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10816Fwd: [karmayog] Brushing aside pain and agony

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  • Thiagarajan Arunachalam
    Jan 6, 2014


      ---------- Forwarded message ----------
      From: Pearl - Karmayog

      Source: Hindu Business Line

      URL: www.thehindubusinessline.com/news/brushing-aside-pain-and-agony/article5538876.ece

      Date: 5.01.14

       

      Brushing aside pain and agony

       

       “The pain, suffering and emotional turmoil apart, it was cancer that made me realise the importance of making peace with oneself in life, no matter how harsh the reality is.’’

       

      “Cancer has been the second best thing to have happened in my life after my husband,” said artist Ruby Ahluwalia, with a disarming smile and rare candour.

       

      “The pain, suffering and emotional turmoil apart, it was cancer that made me realise the importance of making peace with oneself in life, no matter how harsh the reality is,’’ she said.

       

      The reality of being diagnosed with stage three breast cancer in 2009, coupled with a long road to recovery after undergoing chemotherapy, and finally emerging triumphant in her fight against cancer - the journey of Ahluwalia’s catharsis and self-realisation has been translated onto the canvas. An exhibition titled “Towards Satori” is being held at the Artists Centre art gallery in Mumbai.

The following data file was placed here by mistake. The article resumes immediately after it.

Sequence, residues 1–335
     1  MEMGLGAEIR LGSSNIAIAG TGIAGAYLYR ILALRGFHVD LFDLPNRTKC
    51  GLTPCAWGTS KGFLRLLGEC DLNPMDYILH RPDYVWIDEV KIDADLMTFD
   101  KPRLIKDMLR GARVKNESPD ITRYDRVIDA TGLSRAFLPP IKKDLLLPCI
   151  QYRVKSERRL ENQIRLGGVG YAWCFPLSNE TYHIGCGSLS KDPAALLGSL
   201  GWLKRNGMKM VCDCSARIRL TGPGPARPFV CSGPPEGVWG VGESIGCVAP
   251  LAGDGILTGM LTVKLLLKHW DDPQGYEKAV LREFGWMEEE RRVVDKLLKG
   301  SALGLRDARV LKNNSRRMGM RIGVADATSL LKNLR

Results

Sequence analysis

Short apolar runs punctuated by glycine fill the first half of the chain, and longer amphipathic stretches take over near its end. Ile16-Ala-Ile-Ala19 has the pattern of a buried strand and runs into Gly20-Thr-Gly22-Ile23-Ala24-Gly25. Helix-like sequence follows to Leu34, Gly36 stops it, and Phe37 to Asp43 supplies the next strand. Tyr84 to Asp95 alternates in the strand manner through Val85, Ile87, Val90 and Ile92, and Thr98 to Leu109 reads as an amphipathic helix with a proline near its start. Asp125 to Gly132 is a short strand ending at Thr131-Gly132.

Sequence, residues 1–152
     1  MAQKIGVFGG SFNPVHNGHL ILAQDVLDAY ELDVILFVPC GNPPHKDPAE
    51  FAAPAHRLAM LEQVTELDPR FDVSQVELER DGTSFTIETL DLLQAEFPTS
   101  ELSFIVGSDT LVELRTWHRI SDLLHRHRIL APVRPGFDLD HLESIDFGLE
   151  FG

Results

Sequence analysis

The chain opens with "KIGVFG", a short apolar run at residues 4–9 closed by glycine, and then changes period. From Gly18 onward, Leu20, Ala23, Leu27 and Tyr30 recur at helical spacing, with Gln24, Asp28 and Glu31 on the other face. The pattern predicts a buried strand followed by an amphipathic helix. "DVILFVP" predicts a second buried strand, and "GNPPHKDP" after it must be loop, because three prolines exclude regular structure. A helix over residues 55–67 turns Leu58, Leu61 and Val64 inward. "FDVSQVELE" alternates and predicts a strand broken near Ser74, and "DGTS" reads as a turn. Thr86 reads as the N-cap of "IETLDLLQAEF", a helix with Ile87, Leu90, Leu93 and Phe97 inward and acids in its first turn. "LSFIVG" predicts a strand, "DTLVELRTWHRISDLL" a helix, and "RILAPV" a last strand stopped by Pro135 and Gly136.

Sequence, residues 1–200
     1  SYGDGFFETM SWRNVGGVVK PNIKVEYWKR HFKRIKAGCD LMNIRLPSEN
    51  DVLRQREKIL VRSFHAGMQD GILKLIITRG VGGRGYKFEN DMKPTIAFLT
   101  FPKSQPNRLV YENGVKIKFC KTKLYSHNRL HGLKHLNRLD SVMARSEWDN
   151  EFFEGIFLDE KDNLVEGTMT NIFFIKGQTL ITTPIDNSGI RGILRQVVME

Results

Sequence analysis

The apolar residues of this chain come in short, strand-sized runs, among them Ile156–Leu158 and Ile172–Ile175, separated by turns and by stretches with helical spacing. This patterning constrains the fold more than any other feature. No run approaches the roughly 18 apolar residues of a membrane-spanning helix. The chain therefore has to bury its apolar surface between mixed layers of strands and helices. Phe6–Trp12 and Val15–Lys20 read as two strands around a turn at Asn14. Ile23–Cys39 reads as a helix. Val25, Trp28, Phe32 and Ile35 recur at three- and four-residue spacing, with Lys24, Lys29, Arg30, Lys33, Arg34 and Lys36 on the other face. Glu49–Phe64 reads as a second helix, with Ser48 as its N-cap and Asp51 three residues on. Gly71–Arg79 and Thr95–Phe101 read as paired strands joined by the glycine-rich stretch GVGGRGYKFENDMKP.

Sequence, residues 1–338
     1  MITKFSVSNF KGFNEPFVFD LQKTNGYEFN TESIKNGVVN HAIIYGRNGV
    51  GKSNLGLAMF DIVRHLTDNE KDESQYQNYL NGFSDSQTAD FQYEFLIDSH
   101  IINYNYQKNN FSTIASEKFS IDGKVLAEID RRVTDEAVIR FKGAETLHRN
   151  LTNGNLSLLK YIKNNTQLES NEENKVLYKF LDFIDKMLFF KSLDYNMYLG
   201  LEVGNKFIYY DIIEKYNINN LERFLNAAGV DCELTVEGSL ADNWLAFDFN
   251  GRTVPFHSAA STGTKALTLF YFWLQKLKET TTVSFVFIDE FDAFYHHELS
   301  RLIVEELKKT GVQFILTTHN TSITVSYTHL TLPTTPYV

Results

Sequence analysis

Englighenment

       

      “Satori is a Japanese word referring to the experience of awakening or enlightenment. My 10 paintings under this theme, capture the range of emotions I experienced while undergoing chemotherapy. I used to paint one canvas after each treatment session, and soon the overwhelming feelings of depression, pain and contemplation gave way to enlightenment, acceptance and peace,” said Ruby.

       

      Ruby, who works as the Chief Accounts Officer with the Western Railway, does not believe in drawing on the canvas before painting it. “I feel if I paint directly, my emotions flow more freely onto the canvas. If I draw, I feel one has already expressed the emotion, and filling colours is a mere task left to be fulfilled,” she explains.

       

      Going forward, she plans to take these 10 paintings depicting her experience to various cancer hospitals where her non-government organisation (NGO) Sanjeevani has established a centre.

       

      These include Chennai, Bhopal, Kolkata, Jaipur, Nagpur and Ahmedabad.

       

      Formed in 2012, the aim of the NGO is to reach out to cancer patients by providing counselling and emotional support and handholding through its network of support groups that comprise cancer survivors themselves.

       

      To raise funds for rehabilitation of cancer patients, the NGO also hosts a virtual art gallery called ‘Art For Cause’ where artists can showcase their creations by pledging a small part of the sales proceeds as donation for the cause.

       

      “By showcasing these works, I want to encourage other cancer fighters, survivors to use their latent talents, be it art, music or pottery to ward of depression, which is so integral when one is diagnosed with cancer. I also want to instil the message that there is a life beyond cancer. No experience in life, good or bad should go to waste, when it can be channelised positively instead,” she signs off.